Open source grew, it proliferated… and it became something that many previously proprietary-only software vendors embraced as a key means of development… but the issue of how open source software is licenced is still the stuff of some debate.
The Computer Weekly Open Source Insider team now features a series of guest posts examing in the ups & downs and ins & out of open source software licencing.
Reduced to its essence, free and open source software is defining a set of freedoms, encoded into software licences.
The Open Source Initiative (OSI) maintains an open source definition and a list of compatible licences, with the double goal of guaranteeing those essential freedoms and rights… and facilitating adoption by limiting licence proliferation.
This standardisation effort was critical to the success of open source software and its wide adoption in our industry. However, our narrow focus on software licences has created an opening for businesses to co-opt open source. They respect the letter but not the spirit of free and open source software, ultimately depriving users of most of the benefits that the original freedoms were designed to provide.
Over the past 15 years, companies evolved ways to do open source while retaining control, depriving users of key benefits like the ability to rely on multiple vendors, or the ability to influence the future direction of the software.
At the same time, new business models around operating software inserted a layer between the user and developer, depriving end users of key benefits like the ability to look at the code, self-service issues, or try the software with all of its functionality.
Open attack on openness
This evolution culminated last year, during which open source was clearly under attack.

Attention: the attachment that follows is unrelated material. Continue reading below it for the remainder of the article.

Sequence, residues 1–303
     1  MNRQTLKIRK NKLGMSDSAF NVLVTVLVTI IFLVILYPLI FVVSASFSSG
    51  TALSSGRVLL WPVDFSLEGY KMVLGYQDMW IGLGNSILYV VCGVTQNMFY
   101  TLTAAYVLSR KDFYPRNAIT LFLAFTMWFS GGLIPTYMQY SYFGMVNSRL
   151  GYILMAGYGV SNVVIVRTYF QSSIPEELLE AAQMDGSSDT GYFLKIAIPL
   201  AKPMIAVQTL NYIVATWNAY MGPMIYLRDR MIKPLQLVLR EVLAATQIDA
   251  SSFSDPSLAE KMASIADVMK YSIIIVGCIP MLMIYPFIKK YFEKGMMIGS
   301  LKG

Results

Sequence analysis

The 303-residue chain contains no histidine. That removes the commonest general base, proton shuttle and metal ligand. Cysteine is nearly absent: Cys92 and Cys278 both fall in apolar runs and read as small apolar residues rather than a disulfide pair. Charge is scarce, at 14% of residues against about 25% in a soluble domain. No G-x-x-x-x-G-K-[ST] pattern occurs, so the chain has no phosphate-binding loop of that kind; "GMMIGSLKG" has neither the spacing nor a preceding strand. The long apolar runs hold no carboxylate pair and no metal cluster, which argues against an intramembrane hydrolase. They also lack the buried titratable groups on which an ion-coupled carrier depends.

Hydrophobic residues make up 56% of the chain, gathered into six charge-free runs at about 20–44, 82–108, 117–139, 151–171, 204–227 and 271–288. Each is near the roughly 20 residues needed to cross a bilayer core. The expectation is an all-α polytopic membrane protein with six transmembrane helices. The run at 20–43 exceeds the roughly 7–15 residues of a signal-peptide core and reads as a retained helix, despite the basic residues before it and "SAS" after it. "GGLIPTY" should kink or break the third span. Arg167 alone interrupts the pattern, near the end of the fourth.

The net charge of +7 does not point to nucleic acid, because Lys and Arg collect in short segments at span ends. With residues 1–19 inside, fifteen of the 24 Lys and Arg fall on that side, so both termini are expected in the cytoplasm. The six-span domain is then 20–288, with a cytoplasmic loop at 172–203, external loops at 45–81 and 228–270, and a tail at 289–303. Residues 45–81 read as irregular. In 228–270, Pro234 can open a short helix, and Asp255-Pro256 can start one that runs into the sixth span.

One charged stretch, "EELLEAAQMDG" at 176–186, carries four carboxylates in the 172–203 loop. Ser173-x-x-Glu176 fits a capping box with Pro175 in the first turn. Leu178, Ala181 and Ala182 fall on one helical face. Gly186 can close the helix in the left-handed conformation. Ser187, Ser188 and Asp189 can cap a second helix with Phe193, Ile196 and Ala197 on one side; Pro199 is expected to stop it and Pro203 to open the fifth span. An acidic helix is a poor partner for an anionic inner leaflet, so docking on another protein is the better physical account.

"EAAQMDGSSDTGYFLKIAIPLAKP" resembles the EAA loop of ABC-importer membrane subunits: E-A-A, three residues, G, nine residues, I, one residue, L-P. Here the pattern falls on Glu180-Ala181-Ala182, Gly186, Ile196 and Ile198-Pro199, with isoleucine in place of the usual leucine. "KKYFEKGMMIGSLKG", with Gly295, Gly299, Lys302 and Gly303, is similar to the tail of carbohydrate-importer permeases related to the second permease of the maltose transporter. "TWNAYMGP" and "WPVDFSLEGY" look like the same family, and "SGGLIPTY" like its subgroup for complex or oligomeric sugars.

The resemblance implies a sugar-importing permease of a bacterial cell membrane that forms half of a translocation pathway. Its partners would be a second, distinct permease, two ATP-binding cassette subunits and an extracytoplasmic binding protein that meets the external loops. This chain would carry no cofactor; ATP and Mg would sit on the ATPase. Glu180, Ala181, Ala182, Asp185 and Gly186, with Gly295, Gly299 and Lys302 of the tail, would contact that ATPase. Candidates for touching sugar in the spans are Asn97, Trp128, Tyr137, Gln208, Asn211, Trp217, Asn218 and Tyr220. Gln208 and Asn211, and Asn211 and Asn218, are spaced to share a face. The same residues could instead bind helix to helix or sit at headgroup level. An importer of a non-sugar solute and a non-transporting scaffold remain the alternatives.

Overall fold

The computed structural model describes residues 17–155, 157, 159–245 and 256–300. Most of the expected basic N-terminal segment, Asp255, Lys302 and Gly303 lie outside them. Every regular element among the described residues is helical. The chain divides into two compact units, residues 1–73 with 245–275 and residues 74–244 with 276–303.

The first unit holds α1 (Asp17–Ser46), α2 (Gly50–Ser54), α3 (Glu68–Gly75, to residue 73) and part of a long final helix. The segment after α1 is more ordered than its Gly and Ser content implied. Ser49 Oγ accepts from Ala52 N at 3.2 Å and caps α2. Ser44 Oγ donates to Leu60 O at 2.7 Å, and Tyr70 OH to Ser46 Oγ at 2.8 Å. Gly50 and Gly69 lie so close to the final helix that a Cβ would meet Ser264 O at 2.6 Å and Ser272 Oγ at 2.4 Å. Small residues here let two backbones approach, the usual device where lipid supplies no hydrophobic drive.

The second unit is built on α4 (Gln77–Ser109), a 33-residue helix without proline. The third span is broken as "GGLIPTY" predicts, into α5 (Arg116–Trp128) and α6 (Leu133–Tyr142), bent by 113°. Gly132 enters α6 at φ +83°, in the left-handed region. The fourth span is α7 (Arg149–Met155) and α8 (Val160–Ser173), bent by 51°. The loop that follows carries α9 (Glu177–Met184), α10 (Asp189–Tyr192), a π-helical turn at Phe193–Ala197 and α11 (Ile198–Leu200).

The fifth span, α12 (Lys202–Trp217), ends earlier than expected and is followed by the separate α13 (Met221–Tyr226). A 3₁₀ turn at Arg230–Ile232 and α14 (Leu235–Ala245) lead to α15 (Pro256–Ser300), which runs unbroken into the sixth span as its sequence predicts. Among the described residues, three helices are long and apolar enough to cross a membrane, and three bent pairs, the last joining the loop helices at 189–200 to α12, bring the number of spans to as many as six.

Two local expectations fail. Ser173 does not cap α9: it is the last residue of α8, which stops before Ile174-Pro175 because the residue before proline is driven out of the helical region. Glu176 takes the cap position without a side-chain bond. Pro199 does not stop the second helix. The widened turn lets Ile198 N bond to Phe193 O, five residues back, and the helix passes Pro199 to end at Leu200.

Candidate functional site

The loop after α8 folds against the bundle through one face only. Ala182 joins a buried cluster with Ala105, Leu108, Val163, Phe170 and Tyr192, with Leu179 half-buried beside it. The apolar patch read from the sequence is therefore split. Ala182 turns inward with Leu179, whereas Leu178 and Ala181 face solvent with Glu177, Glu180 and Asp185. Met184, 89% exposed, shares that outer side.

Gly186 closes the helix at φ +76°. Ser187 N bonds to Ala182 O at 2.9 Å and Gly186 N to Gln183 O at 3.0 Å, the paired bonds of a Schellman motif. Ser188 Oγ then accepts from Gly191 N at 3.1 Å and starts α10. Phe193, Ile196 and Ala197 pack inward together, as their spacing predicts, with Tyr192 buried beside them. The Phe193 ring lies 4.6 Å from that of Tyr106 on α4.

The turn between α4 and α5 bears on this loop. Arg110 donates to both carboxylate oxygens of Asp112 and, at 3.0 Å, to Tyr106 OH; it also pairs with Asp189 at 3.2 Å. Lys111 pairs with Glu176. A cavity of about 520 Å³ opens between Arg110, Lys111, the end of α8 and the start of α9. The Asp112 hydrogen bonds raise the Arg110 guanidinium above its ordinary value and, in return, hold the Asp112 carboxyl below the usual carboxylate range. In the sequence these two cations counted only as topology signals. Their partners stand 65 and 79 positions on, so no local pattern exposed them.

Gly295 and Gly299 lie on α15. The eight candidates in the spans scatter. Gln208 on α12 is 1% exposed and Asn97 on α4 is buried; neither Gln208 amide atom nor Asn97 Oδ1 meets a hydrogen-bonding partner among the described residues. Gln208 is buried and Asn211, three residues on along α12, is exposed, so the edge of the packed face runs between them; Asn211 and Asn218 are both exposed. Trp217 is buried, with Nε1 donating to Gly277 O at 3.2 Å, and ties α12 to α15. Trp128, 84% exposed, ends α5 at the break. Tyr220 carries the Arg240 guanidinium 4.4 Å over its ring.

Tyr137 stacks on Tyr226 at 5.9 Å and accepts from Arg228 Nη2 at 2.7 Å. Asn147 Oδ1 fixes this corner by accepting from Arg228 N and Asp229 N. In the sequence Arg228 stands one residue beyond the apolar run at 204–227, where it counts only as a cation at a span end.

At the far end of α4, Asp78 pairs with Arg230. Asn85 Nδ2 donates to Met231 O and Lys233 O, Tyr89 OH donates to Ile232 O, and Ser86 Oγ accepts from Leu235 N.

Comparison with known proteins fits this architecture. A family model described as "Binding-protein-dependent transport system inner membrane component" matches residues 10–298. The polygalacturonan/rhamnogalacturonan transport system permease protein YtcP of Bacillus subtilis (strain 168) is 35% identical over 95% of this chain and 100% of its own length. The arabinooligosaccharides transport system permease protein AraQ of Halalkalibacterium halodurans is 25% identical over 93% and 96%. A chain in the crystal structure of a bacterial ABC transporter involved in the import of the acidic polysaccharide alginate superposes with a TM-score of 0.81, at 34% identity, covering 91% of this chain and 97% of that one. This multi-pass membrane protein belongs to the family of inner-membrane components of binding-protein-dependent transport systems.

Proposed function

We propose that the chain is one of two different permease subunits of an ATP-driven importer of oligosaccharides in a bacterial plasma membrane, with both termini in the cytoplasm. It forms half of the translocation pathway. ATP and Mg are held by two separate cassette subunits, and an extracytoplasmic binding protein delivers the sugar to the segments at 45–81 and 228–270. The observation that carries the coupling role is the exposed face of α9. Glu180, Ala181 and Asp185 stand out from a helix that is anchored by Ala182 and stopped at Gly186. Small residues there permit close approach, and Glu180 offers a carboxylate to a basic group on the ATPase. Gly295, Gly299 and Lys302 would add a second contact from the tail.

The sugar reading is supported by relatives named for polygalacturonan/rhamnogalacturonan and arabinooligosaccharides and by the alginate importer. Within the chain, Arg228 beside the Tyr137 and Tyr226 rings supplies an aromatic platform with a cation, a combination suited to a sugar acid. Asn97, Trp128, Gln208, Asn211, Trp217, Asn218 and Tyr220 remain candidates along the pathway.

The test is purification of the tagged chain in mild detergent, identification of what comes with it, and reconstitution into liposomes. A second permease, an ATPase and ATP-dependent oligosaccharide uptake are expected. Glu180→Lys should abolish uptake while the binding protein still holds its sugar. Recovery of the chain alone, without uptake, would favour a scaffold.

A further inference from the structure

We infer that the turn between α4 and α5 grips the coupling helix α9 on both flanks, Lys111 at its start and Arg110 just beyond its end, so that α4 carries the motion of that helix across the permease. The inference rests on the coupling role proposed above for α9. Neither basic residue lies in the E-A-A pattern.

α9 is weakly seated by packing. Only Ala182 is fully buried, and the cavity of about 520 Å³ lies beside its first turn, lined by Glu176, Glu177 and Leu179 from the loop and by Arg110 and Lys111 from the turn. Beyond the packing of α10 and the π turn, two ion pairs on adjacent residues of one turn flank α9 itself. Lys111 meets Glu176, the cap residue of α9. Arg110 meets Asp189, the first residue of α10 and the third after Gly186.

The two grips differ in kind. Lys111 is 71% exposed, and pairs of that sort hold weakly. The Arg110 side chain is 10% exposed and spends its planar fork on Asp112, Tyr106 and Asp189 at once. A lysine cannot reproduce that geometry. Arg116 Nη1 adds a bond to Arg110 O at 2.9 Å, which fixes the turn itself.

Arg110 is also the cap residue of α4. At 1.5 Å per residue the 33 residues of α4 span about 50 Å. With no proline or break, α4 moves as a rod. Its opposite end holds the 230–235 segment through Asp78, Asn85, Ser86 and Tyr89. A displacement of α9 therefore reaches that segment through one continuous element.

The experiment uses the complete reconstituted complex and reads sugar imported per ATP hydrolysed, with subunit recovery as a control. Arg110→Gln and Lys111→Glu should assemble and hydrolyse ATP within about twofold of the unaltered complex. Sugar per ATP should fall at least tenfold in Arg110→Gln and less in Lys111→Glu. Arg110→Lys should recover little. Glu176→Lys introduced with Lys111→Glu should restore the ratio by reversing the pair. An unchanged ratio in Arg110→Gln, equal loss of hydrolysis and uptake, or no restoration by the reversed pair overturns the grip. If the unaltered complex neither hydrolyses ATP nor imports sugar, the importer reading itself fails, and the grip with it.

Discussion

It had been challenged before, but those attacks had come from the outside, from the proprietary software world, trying to convince everyone that open source was dangerous or inferior. The new attacks are coming from the inside, from commercial open source companies, trying to confuse everyone on what open source means.
It started with successful companies wanting to artificially protect their business model against competition, and trying to push new licences that prevent others from building a business on top of the same open source project.
This is based on the illusion that they own the open source project. But by making the choice of releasing their software under an open source licence, they abandoned that control in favour of giving their users key freedoms, which is probably why they ended up being successful in the first place.
Guardians of the open galaxy
The OSI resisted those attempts… and denied those new licences. Some of those companies then decided to attack the legitimacy of OSI as guardians of the open source definition.
There is nothing evil about proprietary software, I just think that open source software is a more efficient way to produce better software. But there is a form of short-sighted evil in companies that want to blur the lines on what “open source” actually is, in order to better align with their evolving business model.
So what should we do about it?
We need to clearly communicate four things:
1- Open source is business-friendly, but it’s not a business model.
It is just a set of freedoms and rights — and if you abide by those freedoms and rights, then you can’t really own an open source project.
Monetisation based on pure ownership of open source is therefore doomed to fail.
2- The value of open source directly lies in the freedoms it grants.
The value does not come from the “open source” label.
Redefining “open source” to remove freedoms is short-sighted, as it will ultimately destroy its value.
3- How open source software is built affects the benefits you get out of it.
All open source software is not equal.
Open collaboration on a level playing field is the best way to preserve user benefits, like the ability to rely on multiple vendors or to influence the future direction of the software.
4- Licences are not the only tool we can use.
Licences for example are terrible ways to say how the software should be built.
We should use other tools to drive those agendas, like classification or labellisation.
The open source community is facing powerful opponents, who spread confusion for their benefit.
Only through clarity and education will we be able to prevail.